When traveling in Tibet, we may come across many mounds of stones on the roads of villages, beside the mountains and lakes or outside the temples. Some of these stones are inscribed with pictures or characters, with prayer flags stuck in the middle usually. These are the Mani Stones used as the worship and rogation spots for the local Tibetans, especially villagers who have difficulty accessing to temples.
Mani Stone is a sacred article with nimbus for the Tibetan. When encountering a Mani Stone Mound in the circumambulation road, the devout Tibetan will pick up a stone by the way and cling it to the forehead, while murmuring mantras at the same time. Then they will drop it into the mound. So from day to day, the piles get into larger and larger massifs. The divine subjects such as heads, horns and wools of animals and even hairs of human can also be added to the mound. It is believed that the sincere wishes begged to the Buddha would come true one day by circumambulating the mound.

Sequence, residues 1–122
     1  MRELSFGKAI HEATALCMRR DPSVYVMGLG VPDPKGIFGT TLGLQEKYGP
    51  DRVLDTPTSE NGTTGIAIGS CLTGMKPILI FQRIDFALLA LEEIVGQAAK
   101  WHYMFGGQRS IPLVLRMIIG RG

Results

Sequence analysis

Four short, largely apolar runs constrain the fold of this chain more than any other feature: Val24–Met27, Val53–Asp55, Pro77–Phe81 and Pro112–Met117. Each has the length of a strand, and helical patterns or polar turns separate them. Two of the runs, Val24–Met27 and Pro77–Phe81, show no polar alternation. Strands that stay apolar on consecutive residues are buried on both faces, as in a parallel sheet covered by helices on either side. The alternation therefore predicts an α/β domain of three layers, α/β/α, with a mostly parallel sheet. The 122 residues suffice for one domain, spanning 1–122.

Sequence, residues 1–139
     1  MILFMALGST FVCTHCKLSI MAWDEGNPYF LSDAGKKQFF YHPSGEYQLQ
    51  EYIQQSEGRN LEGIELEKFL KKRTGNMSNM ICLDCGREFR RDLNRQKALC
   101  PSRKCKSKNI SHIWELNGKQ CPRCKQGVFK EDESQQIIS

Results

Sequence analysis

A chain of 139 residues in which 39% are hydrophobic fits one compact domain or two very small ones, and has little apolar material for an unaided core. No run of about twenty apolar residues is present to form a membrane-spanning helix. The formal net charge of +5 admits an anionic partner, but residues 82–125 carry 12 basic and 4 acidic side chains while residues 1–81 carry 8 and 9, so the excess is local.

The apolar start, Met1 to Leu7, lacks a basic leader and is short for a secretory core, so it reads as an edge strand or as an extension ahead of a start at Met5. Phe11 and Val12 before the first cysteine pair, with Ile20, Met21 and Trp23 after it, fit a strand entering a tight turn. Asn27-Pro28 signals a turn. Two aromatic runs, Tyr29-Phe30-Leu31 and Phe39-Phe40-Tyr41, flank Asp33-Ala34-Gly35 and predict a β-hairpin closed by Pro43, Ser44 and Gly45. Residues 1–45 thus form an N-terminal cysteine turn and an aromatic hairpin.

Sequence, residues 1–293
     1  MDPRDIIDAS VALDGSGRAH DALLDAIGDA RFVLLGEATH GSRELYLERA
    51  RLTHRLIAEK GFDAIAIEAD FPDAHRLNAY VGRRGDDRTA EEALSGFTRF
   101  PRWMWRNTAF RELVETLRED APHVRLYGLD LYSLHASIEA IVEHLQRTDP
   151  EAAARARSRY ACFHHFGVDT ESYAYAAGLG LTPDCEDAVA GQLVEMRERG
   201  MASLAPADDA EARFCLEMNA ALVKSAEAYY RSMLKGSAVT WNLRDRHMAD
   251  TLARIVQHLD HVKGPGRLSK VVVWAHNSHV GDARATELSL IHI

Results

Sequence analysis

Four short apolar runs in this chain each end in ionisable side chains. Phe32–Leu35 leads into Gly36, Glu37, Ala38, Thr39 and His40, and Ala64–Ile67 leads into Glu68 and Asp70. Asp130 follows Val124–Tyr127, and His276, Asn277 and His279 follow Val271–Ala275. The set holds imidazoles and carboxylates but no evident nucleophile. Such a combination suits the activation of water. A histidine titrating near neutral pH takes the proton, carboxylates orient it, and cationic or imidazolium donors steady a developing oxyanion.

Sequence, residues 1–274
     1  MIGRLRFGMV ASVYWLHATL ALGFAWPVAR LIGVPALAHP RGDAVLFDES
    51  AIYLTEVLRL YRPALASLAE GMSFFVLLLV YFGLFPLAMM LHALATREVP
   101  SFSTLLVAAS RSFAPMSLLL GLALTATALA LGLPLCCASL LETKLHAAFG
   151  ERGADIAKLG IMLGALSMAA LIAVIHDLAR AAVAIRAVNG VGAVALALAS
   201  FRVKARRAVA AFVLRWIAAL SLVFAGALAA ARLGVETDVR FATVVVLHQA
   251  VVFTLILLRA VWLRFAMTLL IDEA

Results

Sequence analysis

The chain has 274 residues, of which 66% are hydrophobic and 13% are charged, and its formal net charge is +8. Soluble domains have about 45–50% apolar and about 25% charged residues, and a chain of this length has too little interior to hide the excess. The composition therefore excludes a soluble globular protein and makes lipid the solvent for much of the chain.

Another type of Mani Stone is the Mani Stone Wall inscribed with characters and pictures specially designed by the expert. The common designs are 'Om Mani Padme Hum' mantras, with images of deities, monsters, strong animals and other Buddhist themes decorated sometimes. These walls mainly stand near the temples, which illuminate their golden halls and stupas and add much holiness and blaze to the temples. The widely spread sculptures in Tibet are made in the form of shadow relievos. These include the sculptures in the steep cliffs in Lhasa, Shigatse and other areas.
Nowadays Mani Stone has become a form of art in Tibet, and a group of specialists engaging in the sculpture has emerged as required. The Mani Stones are often considered as patron saints to be stored in the house or taken along when going out.